Certain songwriters are perfectly content with sticking to the same style of songwriting, and essentially re-writing the same album for their entire careers. These people are not fans of â??variety,' â??evolution,' or â??being interesting.' It is what it is, though, and for every songwriter that fits that bland profile there's one like Chad VanGaalen that brings a variety of influences to his musical palette, creating an album as submersive as it is diverse.
A veritable jack of all trades, VanGaalen again plays a variety of instruments: everything from guitar, to harmonica, to tambourine. What's more is that he can pull off each discipline as if it's the singular thing he needs to focus on for this album to be performed. Obviously far from the truth, but it sounds effortless on each of the album's 15 tracks.
VanGaalen's songs can usually be lumped into one of two categories -- up-tempo or haunting. Simplistic as it sounds, he's actually able to incorporate a variety of melodies or instruments into whatever he does, but the ebb and flow is definitely such that it requires ample contribution from both of those categories. The back-and-forth is what fuels the record, and what keeps everyone listening pensively on their toes.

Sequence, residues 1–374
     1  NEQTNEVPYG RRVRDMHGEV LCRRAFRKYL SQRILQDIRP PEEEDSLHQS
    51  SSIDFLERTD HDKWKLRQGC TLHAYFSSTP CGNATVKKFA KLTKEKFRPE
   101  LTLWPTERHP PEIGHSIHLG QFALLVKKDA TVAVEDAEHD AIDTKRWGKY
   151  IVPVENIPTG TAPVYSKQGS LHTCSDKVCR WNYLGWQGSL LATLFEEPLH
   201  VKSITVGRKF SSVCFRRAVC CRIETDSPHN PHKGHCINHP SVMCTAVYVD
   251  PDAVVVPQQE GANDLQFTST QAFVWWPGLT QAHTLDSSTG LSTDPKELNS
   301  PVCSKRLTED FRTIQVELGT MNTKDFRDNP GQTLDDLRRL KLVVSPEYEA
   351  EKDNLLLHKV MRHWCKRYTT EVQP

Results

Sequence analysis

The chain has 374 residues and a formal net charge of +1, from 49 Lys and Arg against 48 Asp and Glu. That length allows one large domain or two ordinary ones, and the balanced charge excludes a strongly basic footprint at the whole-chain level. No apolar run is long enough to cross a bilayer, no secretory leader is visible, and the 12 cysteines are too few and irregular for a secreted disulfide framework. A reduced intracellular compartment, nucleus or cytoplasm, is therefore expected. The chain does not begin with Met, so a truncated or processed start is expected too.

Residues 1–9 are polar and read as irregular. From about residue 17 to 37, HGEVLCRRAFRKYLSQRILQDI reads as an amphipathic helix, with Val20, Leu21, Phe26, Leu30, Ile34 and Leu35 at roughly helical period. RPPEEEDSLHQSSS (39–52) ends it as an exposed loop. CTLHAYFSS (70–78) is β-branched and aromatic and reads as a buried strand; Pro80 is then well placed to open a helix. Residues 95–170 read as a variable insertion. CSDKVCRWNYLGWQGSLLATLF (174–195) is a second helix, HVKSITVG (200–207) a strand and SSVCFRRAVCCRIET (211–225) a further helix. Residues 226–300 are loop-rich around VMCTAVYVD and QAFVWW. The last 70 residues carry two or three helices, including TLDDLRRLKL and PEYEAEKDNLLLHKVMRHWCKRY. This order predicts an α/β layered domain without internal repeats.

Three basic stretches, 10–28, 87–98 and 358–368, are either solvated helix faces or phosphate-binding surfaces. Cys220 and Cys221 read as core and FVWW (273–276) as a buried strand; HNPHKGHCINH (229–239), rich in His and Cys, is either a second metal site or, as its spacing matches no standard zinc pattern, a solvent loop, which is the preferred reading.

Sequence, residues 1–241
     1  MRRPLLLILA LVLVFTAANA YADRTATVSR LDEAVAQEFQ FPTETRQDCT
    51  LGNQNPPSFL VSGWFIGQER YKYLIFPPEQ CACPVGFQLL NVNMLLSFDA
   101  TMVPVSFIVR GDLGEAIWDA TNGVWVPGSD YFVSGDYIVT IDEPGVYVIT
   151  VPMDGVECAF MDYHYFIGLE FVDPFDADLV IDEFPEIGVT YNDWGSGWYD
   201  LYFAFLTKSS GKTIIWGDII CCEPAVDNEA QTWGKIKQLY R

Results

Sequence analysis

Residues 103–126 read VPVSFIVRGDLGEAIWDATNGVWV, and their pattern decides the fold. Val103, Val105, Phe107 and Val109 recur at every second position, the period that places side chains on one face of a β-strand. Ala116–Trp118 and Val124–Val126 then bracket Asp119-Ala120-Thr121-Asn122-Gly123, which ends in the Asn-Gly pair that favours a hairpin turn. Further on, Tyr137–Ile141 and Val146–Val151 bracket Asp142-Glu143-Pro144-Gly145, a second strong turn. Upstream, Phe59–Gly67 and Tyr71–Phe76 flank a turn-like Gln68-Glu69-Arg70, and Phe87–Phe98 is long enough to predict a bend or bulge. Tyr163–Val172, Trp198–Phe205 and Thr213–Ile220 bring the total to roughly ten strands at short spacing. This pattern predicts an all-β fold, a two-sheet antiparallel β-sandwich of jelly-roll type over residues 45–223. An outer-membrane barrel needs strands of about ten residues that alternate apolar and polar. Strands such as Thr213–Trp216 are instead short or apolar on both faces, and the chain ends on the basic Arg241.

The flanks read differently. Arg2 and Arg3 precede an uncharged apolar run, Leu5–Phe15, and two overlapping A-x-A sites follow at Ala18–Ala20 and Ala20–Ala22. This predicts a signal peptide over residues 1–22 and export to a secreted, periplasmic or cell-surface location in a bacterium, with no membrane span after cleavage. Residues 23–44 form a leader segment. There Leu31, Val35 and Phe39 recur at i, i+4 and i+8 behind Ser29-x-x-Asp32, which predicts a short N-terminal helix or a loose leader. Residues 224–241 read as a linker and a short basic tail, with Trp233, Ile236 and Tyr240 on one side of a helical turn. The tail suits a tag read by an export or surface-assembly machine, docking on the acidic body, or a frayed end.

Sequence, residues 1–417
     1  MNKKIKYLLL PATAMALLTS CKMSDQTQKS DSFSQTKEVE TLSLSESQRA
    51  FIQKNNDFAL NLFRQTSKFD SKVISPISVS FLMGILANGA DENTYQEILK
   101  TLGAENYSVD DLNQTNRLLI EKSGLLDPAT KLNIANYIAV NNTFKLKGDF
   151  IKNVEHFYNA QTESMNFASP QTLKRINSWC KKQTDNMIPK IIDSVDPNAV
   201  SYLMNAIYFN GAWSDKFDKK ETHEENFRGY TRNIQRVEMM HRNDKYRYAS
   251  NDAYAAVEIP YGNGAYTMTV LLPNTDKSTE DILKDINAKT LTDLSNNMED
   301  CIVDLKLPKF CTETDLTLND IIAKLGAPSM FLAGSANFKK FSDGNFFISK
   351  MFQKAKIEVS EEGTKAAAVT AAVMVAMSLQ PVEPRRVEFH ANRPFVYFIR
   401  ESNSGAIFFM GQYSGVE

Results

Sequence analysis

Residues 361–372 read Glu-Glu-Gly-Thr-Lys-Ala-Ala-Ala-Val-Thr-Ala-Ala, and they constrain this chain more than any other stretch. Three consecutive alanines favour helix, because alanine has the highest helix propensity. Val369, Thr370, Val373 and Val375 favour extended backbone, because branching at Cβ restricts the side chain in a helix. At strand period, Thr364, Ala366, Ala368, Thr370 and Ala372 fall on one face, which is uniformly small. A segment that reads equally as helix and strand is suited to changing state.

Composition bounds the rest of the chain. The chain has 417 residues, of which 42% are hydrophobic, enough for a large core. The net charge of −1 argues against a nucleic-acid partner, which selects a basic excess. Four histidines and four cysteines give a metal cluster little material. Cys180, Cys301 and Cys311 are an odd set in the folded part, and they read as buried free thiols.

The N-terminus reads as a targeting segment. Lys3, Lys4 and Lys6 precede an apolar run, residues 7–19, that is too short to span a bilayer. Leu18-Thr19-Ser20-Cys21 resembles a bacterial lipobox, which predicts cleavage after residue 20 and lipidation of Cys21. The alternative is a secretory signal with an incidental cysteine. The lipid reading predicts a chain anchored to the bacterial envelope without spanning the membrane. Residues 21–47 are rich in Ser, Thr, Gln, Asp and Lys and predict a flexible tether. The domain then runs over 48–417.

The wistful qualities found in "Red Hot Drops" come across as more morose and down-trodden than anywhere else on the album, but manage to stay away from the trap of â??sad bastard' music (no offense to Belle & Sebastian). The plaintive but yearning delivery accompanies the delicate musicianship with the emotion that instruments can just not offer, but even the programmed drum beats and tactful acoustic strumming is able to bring out some feeling. He's able to do a lot with a little, and the country twang of "Wing Finger" is more than fitting to demonstrate. The striking honesty in both voice and mandolin (I think it's a mandolin, there's no liner notes and I can't find out online -- so don't bitch) is by no means a rarity, but something about that song gives it some additional gravity. Part of it is the change in instrumental style, part of it is the execution, but it's surely one of the more impressive moments on the record.
If this album teaches anything, though, it's not to get too comfortable in one particular style.
That's because the dissonant swirls of "Burn to Ash" are there to remind you not to get settled into the groove. It's always changing, always progressing, always throwing some new vocal inflection or group of instruments into the fray. VanGaalen is not content with settling into a routine, and his frequent music 180s, even in the middle of some songs, and it's to make sure that no one else settles into a routine either. It doesn't matter if it's discordant post-punk pulsating from the speakers or a much more demure acoustic ballad, it's imperative to be ready for anything.
Because it's anything you will get.